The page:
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Restoring the Escalante River One Mile at a Time

Keeping the river healthy for future generations through innovative partnerships

Free-flowing rivers that carve red rock canyons are a defining feature of the American West, and are a valuable resource for native fish, migratory birds, mammals large and small, and local communities. However, in Southern Utah, invasive species, drought and increased water use are threatening the health of the Escalante River and the people, plants and animals that depend on it.

Over the past 40 years, Russian olive trees – initially planted as wind breaks and decoration – have taken over, smothering the banks, sucking up water and disrupting the river’s flows. As Kristina Waggoner, Grand Staircase Escalante Partners (GSEP) field director and project coordinator of the Escalante River Watershed Partnership (ERWP) explains, the trees are now choking the river.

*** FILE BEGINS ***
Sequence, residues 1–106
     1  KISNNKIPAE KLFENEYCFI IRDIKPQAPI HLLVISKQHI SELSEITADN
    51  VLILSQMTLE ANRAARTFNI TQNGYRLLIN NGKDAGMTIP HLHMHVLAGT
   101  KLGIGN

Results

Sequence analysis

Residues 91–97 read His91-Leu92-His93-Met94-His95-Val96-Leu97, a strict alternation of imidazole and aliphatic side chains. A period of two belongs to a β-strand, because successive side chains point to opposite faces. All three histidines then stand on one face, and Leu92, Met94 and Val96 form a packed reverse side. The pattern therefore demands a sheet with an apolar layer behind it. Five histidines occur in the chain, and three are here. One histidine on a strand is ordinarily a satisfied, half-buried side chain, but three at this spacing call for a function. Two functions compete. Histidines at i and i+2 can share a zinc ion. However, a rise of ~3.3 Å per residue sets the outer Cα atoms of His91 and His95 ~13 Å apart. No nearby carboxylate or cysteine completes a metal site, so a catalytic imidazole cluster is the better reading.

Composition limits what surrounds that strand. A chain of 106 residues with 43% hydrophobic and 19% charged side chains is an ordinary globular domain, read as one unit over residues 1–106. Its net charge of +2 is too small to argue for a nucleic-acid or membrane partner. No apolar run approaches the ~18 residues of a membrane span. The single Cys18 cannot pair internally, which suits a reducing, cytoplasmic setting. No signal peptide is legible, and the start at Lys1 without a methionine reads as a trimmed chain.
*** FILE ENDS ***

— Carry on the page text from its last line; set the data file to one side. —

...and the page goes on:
“In some places, they’re so thick that you can’t see the river, much less the other side,” Kristina said. 



So in 2009, with support from the Walton Family Foundation, GSEP teamed up with landowners, public and private agencies, scientists, local businesses and conservation groups to restore balance to the Escalante River. Halfway through its 10-year action plan, ERWP is steadily improving the health of the river, one mile at a time.

“We are just over two-thirds of the way done… the river is 90 miles long, and we have cleared out over 70 miles. Our goal is to finish by 2018,” Kristina said.

And while ERWP is restoring habitat for fish and wildlife, it’s helping local communities too. Restoration has spurred tourism and markets for products like coasters and cutting boards – locally made from the Russian olive trees that ERWP removes. Together, Escalante River residents are showing how innovative partnerships help keep the river and communities healthy for future generations. And as ERWP closes in on achieving its goal, Kristina is keeping the partnership’s future in mind.

“My hope is that we can sustain our energy as a coalition to continue to work together [in the area] as other needs arise,” she said.